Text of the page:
During late 2011 and early 2012, a number of brands and venues have introduced offers designed specifically for the Chinese tourist. We have, for example, seen luxury magazine Pomp producing a Mandarin section with the aim of encouraging Chinese travellers to visit London. Meanwhile, Amsterdam’s Schiphol and Paris’ Charles de Gaulle airports have launched smartphone apps which provide Mandarin versions of signs and baggage information; passengers simply hold their handsets in front of the text to see an instant translation.
Elsewhere, a number of hotels have been showcasing new offers intended to maximise their appeal for Chinese visitors. Among them, Hilton with its “Huanying” scheme and Starwood through its “Personalised Travel” initiative – both of which include the provision of Mandarin-speaking staff, tailored menu options and the ability to request a range of Chinese home comforts via room service.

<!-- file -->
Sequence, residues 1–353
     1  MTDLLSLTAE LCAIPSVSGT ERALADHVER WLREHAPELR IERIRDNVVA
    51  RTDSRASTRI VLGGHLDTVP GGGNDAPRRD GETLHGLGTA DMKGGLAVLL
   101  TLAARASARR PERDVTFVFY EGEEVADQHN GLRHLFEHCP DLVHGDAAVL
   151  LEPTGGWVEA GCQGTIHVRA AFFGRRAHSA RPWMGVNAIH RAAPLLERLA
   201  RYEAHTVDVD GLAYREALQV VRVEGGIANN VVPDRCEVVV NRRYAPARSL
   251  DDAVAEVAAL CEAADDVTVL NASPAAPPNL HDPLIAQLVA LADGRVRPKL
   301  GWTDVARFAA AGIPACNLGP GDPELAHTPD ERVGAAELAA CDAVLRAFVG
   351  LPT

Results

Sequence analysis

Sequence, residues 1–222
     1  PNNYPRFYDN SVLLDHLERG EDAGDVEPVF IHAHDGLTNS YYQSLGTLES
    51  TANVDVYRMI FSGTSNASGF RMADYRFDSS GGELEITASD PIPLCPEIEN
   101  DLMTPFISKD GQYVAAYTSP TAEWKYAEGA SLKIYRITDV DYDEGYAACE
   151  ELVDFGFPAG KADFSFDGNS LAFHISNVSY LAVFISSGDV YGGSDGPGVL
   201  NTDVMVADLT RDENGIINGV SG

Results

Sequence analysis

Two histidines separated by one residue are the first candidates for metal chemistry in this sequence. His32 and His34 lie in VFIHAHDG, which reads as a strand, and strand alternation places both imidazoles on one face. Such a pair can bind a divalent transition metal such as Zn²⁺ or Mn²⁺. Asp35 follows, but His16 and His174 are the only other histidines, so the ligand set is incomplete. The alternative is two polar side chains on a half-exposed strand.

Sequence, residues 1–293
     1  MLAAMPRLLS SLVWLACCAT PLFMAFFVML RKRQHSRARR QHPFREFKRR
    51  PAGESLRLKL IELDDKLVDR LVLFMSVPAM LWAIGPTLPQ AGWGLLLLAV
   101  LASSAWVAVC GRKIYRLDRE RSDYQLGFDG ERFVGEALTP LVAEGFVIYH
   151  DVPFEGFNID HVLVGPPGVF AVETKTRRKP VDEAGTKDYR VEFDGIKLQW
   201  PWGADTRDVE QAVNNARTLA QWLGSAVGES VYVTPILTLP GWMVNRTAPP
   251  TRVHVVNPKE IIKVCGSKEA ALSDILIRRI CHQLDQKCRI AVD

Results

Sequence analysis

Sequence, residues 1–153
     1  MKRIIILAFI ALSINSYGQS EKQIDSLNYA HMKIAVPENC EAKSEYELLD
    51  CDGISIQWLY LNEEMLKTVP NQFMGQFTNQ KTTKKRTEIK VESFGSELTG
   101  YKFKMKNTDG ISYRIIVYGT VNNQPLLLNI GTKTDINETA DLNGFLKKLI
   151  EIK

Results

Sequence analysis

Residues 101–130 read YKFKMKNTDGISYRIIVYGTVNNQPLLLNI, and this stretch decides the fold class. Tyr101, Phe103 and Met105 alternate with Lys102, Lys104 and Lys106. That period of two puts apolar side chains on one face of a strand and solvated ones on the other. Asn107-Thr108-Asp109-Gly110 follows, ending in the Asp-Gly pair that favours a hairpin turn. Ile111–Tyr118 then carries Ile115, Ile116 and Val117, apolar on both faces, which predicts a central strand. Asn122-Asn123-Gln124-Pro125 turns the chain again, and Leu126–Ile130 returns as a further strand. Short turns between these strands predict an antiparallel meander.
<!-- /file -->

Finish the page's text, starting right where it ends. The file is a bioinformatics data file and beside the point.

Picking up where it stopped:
Such developments are, of course, hardly surprising when one looks at the very healthy projections for China’s GDP growth over the coming years. And it’s clear too that Chinese consumers are feeling much more optimistic than their counterparts in other parts of the world; when we asked in late 2011 about their feelings towards the national economy, nearly 50% in China said they thought it would improve in the next twelve months – a figure which compares to just 20% in the UK who said the same (Source: nVision Global Research, 2011). Similarly, the numbers who expected their personal financial situation to improve in the coming year were more than twice as high in China.
Almost inevitably, then, we can expect 2012 to herald a further wave of commercial offerings focused firmly on the East – and for this to be the decade when the impact of a growing global middle class is manifested in ever more sectors.